Sunday, March 24, 2019

Mechanical Versus Mythical Magic

Corey McCleeryAlexander HelleneXavier LastraRawle Nyanzi and Misha Barnett recently opined on the de-mythologicisation of magic in contemporary fantasy. All five pieces are worth a read, but the thesis running through the heart of the conversation is that de-mythologicisation robs the mystery from magic in contemporary fantasy, making it feel empty. Comparing the works of the pulp-era grandmasters and many contemporary writers, I'm inclined to agree.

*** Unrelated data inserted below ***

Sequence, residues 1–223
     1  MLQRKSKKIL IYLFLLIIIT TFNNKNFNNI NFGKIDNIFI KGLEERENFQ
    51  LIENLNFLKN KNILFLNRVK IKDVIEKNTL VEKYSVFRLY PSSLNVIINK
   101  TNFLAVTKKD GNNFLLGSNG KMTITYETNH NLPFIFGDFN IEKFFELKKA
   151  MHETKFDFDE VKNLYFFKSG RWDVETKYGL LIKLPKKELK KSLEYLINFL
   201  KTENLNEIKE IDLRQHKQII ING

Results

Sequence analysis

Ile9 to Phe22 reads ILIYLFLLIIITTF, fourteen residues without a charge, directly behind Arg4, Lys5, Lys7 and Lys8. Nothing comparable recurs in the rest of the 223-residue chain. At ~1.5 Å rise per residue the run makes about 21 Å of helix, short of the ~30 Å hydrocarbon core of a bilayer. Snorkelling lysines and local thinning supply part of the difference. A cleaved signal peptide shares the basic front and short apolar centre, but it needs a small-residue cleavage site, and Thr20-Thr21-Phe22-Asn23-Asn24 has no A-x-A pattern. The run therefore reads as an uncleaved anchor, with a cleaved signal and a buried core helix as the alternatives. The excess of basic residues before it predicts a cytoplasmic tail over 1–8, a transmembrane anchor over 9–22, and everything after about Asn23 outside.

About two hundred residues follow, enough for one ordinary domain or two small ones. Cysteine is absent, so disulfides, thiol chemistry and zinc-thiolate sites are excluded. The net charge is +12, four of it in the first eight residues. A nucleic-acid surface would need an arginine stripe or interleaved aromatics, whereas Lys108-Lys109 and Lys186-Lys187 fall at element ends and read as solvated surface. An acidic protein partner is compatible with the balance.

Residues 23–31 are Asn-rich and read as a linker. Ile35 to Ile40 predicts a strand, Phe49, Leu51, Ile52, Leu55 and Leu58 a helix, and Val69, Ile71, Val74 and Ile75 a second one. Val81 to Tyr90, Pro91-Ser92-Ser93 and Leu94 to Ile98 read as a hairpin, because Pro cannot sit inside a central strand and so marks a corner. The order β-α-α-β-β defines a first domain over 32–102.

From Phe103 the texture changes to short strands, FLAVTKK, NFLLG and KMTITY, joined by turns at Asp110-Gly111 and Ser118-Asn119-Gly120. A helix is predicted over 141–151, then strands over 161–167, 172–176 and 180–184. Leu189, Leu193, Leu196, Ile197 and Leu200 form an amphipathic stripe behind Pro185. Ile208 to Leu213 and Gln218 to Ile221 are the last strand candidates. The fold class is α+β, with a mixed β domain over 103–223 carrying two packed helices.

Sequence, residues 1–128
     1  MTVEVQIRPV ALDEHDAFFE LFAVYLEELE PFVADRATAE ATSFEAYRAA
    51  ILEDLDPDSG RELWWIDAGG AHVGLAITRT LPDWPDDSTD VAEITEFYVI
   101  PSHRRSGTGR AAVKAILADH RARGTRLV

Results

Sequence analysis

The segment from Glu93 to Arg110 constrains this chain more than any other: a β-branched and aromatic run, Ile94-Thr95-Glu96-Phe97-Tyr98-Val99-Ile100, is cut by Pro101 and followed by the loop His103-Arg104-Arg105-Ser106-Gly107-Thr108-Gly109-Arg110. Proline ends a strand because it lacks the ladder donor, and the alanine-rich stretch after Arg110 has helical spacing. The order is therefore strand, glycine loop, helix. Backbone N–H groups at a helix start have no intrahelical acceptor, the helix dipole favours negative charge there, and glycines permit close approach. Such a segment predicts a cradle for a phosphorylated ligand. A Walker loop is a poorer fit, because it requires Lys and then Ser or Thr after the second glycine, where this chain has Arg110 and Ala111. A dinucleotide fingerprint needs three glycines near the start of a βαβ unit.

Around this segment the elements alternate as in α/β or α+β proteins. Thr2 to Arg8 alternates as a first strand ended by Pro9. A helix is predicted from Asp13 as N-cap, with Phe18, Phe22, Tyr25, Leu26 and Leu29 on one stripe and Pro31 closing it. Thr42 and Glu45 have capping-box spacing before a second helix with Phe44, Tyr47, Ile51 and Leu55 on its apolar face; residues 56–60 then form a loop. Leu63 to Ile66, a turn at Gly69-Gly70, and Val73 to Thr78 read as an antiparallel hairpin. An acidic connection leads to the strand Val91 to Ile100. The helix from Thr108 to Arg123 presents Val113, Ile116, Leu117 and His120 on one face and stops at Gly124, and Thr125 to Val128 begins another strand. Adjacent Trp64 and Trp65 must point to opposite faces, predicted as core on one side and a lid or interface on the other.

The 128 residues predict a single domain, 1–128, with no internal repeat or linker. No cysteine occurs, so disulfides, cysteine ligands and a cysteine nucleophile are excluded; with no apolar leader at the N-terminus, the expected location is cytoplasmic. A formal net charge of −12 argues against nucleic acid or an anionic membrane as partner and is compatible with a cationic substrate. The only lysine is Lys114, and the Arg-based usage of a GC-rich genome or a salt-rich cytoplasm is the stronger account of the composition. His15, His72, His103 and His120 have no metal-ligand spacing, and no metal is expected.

Modern fantasy revels in showing off magic systems. From arcane engineering to divine petitions to litRPG rulesets, magic in many modern fantasy stories are built on mechanics and principles that are well-understood by magic-users and revealed to the audience. In these stories, magic is no longer about the upending of the rules of the physical world, the injection of chaos into an otherwise orderly and familiar world, or a climactic event that shapes the story. It is treated as a tool like any other, to be used by appropriately-trained characters to achieve their goals. What was once the province of grand mythology is reduced to mundane activity.